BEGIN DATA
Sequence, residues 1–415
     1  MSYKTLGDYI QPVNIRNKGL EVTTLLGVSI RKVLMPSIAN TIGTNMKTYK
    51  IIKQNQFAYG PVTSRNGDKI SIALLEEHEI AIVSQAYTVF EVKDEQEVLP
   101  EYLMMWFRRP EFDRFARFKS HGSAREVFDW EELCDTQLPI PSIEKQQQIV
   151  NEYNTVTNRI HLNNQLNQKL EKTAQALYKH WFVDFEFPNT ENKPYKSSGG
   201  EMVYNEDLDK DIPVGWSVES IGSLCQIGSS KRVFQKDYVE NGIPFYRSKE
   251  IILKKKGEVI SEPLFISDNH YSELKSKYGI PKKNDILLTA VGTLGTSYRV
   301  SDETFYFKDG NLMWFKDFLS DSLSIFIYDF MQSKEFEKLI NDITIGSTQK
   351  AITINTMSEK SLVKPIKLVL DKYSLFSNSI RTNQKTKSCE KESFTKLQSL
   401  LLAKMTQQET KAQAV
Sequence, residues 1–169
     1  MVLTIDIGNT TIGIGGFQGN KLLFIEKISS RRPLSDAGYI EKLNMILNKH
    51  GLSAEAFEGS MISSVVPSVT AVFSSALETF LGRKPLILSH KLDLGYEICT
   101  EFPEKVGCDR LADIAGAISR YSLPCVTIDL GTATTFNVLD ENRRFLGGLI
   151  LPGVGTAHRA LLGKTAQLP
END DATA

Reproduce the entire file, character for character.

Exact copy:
Sequence, residues 1–415
     1  MSYKTLGDYI QPVNIRNKGL EVTTLLGVSI RKVLMPSIAN TIGTNMKTYK
    51  IIKQNQFAYG PVTSRNGDKI SIALLEEHEI AIVSQAYTVF EVKDEQEVLP
   101  EYLMMWFRRP EFDRFARFKS HGSAREVFDW EELCDTQLPI PSIEKQQQIV
   151  NEYNTVTNRI HLNNQLNQKL EKTAQALYKH WFVDFEFPNT ENKPYKSSGG
   201  EMVYNEDLDK DIPVGWSVES IGSLCQIGSS KRVFQKDYVE NGIPFYRSKE
   251  IILKKKGEVI SEPLFISDNH YSELKSKYGI PKKNDILLTA VGTLGTSYRV
   301  SDETFYFKDG NLMWFKDFLS DSLSIFIYDF MQSKEFEKLI NDITIGSTQK
   351  AITINTMSEK SLVKPIKLVL DKYSLFSNSI RTNQKTKSCE KESFTKLQSL
   401  LLAKMTQQET KAQAV
Sequence, residues 1–169
     1  MVLTIDIGNT TIGIGGFQGN KLLFIEKISS RRPLSDAGYI EKLNMILNKH
    51  GLSAEAFEGS MISSVVPSVT AVFSSALETF LGRKPLILSH KLDLGYEICT
   101  EFPEKVGCDR LADIAGAISR YSLPCVTIDL GTATTFNVLD ENRRFLGGLI
   151  LPGVGTAHRA LLGKTAQLP